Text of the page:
What ID10Ts like Rand Paul do not understand is that we do NOT need to deport 12 million illegal immigrants. All we need to do is approve E-verify and crack down on those who employ or provide housing to illegal immigrants. Without housing and employment they will self-deport saving us the cost of returning them to their countries of origin.

    March 19, 2013 12:58 pm at 12:58 pm |
  5. jonnyg

    I'd be for one final amnesty in trade for a secure border and the agreement that the federal government will enforce it's own laws moving forward so we aren't debating an even bigger amnesty in 5 years

    March 19, 2013 01:02 pm at 1:02 pm |
  6. Nsikan

    Keep talking young man!

    March 19, 2013 01:06 pm at 1:06 pm |
  7. joe

    wes scott. well said, instead of laying the blame on illegals, start punishing the one who are providing them illegally.

    March 19, 2013 01:10 pm at 1:10 pm |
  8. t

    .......Paul has some great ideas, BUT, on the total, I cannot support him.

    March 19, 2013 01:13 pm at 1:13 pm |
  9. California Conservative

    Without securing the border first it's all a sham and will only encourage many more to come just as it did when Reagan did it.

    History will repeat itself.

    March 19, 2013 01:14 pm at 1:14 pm |
  10. Rudy NYC

    jonnyg

    I'd be for one final amnesty in trade for a secure border and the agreement that the federal government will enforce it's own laws moving forward so we aren't debating an even bigger amnesty in 5 years
    --------------
    The federal government has been enforcing the borders more than at anytime in our history. We have had records numbers of agents on the southern border, record numbers of deportaitons, and record numbers of people intercepted along the border. But, the problem has been one of funding. A 2000 mile, fully secured, high tech fence along our Mexican border would be expensive and time consuming to construct.

    But, hey. Deficit spending Republicans don't care about costs.

    March 19, 2013 01:18 pm at 1:18 pm |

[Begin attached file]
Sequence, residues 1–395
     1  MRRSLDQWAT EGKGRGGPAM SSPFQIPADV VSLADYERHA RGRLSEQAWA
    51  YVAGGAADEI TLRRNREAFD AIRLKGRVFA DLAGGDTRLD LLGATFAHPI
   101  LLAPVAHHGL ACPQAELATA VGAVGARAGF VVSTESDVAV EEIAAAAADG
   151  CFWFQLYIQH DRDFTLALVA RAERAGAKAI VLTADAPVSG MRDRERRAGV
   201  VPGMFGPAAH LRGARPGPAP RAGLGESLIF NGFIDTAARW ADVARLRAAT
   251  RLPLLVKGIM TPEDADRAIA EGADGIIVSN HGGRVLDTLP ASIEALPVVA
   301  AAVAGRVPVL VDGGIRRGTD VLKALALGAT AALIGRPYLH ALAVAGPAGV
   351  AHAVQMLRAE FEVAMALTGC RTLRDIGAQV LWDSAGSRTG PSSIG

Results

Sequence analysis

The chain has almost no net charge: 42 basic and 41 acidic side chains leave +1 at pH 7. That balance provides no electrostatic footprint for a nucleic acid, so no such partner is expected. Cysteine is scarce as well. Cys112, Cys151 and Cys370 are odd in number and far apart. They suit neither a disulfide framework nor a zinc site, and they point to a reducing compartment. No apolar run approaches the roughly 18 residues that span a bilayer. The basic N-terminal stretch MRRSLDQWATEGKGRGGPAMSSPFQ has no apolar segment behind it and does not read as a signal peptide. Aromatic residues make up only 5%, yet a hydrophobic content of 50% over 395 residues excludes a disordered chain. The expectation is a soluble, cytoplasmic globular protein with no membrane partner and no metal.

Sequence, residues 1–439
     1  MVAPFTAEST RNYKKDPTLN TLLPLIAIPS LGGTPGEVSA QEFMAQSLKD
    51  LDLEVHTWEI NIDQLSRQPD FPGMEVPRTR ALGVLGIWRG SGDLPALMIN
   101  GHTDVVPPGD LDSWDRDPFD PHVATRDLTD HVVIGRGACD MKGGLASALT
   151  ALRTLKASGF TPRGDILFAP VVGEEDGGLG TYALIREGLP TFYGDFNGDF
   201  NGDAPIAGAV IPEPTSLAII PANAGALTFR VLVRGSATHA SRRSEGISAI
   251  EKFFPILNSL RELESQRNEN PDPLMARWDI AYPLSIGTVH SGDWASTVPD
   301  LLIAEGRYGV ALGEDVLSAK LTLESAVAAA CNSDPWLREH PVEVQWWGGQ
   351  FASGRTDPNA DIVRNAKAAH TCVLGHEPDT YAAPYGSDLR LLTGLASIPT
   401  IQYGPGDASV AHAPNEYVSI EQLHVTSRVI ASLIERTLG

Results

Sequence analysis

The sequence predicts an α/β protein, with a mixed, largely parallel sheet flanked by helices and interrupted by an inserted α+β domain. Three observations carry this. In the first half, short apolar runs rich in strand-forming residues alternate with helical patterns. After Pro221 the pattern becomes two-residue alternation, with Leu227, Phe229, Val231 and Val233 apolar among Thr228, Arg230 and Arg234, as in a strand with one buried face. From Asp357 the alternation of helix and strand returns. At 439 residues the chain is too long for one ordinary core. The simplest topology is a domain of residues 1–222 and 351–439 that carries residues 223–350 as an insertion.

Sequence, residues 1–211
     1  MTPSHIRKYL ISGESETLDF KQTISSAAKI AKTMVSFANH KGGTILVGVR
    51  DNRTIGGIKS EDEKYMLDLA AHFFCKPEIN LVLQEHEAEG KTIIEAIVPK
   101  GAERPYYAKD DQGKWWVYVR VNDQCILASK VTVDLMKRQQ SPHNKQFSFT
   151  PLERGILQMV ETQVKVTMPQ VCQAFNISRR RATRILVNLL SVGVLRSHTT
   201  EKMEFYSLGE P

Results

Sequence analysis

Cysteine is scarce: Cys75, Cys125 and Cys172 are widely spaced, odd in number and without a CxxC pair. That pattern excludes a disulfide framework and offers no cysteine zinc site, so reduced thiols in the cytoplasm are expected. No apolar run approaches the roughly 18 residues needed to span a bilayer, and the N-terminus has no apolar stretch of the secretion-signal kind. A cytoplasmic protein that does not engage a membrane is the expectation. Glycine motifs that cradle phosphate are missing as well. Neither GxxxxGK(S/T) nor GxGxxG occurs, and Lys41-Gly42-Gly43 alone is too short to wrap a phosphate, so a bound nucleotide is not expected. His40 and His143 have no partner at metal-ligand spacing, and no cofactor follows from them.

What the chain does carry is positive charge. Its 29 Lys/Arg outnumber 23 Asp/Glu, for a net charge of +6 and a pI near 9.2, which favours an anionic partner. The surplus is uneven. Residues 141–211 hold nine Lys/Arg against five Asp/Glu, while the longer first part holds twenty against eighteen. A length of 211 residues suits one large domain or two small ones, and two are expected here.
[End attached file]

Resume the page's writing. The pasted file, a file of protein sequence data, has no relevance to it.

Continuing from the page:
11. Rudy NYC

    Wes Scott wrote:

    What ID10Ts like Rand Paul do not understand is that we do NOT need to deport 12 million illegal immigrants. All we need to do is approve E-verify and crack down on those who employ or provide housing to illegal immigrants. Without housing and employment they will self-deport saving us the cost of returning them to their countries of origin.
    -------------------
    Actually, the business wing of the Republican Party like having all of the cheap labor, ready and available. That's why they keep cutting the budgets for E-Verify and prosecuting violators.

    March 19, 2013 01:21 pm at 1:21 pm |
  12. penguin

    Our forefathers came over here merely by hopping on a boat, docking at Ellis Island, and being immediately processed in and offered a path to citizenship. We have a large number of "illegals" only because we refuse to process them in within a reasonable time span. A young hispanic coming to America to work can't wait the several years it takes to come here "legally"

    March 19, 2013 01:23 pm at 1:23 pm |
  13. ghostriter

    Rudy, if they wanted to, they could solve most of this overnight. If they put half the resources into illegal immigration that they put into the drug war, this would be licked in short order. But as you say, they don't really want to fix it.

    Don't you find it funny that one of the few areas where dems and reps agree is the HB-1 visa increases?

    March 19, 2013 01:27 pm at 1:27 pm |
  14. edward_s

    e-verify if enforced would help with the probem. We have unemployment that can be reduced if we filter out the one's without papers. No work and shelter would deter some. Some will still huddle up in homes of legals. If e-verify applies to them then the numbers would be reduced more.